I also try to keep in mind that my sketchbooks are for ME, not anyone else. Thus, I don’t worry about the quality of the drawings and sketches or if they are good enough for the public to see. I often will sit in a parking lot and practice drawing cars (sketched a large backhoe the other day) or in an airport capturing people as they walk by with their rolling suitcases and harried expressions.
In conclusion, I urge my students to draw, draw and draw some more. I adamantly believe the better you draw the better you will paint!
Where in your process do you do the bulk of your design work? What does that work look like? Thumbnails? Value studies? What problems are you solving at that stage?
There are actually two important design stages for me.
The first stage, after I determined my subject, is to spend a couple of minutes just looking at my subject, studying it and starting to determine in my mind what I want to say and how I want to say it.
At this stage I am not drawing…rather just studying the subject and starting to visualize the possible finished painting. I may actually talk to myself or make some written notes.
It is only then that I start my value sketch. This stage is where I literally design the painting…simplifying, eliminating, moving elements and establishing my value pattern. I am always aware that often this may change and morph in the final painting process. I actually might do 2 or 3 value sketches at this stage, perhaps dramatically different.
My goal is to have the issues of composition and values worked out before I began the actual painting.
Edges: How much planning beforehand do you do around your edges? How do you approach edges in your work?
Edges are the second most important element I consider in my planning stage (value sketches) and final painting. Edges are so important in directing the viewer through the painting.
I discuss three types of edges in my workshops and almost always have all of them in any of my paintings. Hard, soft and lost edges each have their place in most works.
In watercolor they almost happen automatically, but we, as the artist (Art Director), must use them thoughtfully and wisely. Hard edges draw attention and help define a center of interest, soft edges demand less attention but are just so beautiful. Lost edges allow us to combine and join elements within our painting, yet letting each maintain their own identity. Values, then edges…number one and two in my design process!
Artists have different struggles at each stage of their development: What were you working on as a beginner and intermediate? What did you finally master that allowed you to become an advanced artist?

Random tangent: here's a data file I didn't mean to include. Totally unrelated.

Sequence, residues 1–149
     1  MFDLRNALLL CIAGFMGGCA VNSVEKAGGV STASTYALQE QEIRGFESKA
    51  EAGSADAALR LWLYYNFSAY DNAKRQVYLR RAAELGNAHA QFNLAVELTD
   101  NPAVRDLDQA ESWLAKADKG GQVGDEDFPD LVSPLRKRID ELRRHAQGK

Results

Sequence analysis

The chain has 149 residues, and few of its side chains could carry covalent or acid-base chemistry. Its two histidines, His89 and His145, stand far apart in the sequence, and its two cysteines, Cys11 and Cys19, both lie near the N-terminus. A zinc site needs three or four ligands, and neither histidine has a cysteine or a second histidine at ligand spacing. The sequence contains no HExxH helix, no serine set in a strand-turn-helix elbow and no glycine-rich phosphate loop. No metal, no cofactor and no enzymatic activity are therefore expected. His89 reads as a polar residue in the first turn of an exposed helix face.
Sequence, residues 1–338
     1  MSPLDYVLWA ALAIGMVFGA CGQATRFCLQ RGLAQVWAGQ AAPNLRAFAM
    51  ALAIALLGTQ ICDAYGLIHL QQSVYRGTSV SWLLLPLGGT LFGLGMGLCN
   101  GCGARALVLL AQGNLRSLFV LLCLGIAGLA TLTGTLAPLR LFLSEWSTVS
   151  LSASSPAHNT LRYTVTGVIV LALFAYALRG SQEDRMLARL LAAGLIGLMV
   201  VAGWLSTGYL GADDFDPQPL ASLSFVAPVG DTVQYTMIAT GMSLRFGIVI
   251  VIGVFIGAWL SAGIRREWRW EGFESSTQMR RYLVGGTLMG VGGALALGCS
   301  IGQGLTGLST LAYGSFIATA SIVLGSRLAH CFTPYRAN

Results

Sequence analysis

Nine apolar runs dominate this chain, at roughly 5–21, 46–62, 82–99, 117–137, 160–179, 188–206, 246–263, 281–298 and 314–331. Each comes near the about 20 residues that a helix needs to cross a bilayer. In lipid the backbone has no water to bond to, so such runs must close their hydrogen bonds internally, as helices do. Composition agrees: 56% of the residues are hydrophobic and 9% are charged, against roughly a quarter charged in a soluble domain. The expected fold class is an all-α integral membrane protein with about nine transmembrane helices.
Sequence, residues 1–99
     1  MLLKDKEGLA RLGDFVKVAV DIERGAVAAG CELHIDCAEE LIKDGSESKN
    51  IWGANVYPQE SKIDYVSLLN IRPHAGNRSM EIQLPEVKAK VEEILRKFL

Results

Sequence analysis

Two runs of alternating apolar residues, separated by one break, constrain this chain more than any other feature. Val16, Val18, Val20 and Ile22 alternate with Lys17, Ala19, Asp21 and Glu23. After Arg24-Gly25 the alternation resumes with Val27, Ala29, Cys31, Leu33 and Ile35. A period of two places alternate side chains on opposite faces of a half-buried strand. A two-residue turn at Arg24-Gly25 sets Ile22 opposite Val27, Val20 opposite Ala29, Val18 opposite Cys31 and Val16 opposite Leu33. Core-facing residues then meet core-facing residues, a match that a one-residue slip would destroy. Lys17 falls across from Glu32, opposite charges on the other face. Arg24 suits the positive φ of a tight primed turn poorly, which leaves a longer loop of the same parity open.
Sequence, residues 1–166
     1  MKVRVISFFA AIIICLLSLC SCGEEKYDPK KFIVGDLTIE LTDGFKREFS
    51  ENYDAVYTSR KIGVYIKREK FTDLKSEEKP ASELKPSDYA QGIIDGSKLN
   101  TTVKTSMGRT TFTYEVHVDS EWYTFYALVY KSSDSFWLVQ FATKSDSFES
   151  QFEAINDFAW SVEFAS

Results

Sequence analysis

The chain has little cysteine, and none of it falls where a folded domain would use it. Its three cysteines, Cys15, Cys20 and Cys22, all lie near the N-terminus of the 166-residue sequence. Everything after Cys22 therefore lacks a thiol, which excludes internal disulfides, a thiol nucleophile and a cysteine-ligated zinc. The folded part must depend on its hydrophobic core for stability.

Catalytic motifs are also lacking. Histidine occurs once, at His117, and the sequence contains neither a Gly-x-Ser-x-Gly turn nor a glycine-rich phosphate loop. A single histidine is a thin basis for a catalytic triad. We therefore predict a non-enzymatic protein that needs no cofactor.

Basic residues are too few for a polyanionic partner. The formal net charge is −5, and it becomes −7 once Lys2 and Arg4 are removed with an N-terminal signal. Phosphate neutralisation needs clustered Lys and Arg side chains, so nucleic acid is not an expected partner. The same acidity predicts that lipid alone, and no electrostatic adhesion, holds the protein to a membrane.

I think, early on, all artists are striving to master the technical aspects of their medium and to find their own style. We are inevitably influenced by artists we admire. I call them my “Watercolor Heroes.”
As we “put miles on our brushes” our use of the materials may mature into something totally different from where we started.
I have a simplified description of the stages I think an artist goes through: First we become proficient in the use of the tools of our trade. Secondly, we are able to produce a competent painting using those tools. And lastly, we are, on occasion, able to go beyond a pretty picture and create something that makes a statement, has a narrative and reaches out and touches the viewer.
Tony Couch shared these stages in the first workshop I took when I started painting again over 30 years ago. I spend most of my time in the second stage. Watercolor is the master, I am the student. I think my breakthrough happened when I accepted that fact. My mantra is…”Don’t try to make it happen, let it happen.”
When you’re finished, how do you assess your painting? What questions do you ask yourself?
Good question. When I finish a painting (which is often a few minutes later than I should have stopped), I compare it to my original vision and see if I have allowed my value sketch to be my guide.
Fortunately, there are those rare paintings where the final product exceeds my expectation and vision. This is almost always the result of my “letting it happen rather than trying to make it happen”. Where I have let the water, pigment, brush and paper do what they do naturally and organically. Of course, I take total credit for the success!! One of my favorite saying about watercolor is, “I had rather be lucky than good!”
I also compare the painting to other works I may have done of the same subject. I think it is a good practice to do a series of a subject. No two are ever alike and often the first one is the best. I then decide which “stack” it goes on…the one for possible matting and framing or the one for turning it over and painting on the back! I faithfully photograph each painting for possible reproduction needs and inventory documentation.
You can learn more about watercolorist Richard Stephens at his website and on Facebook.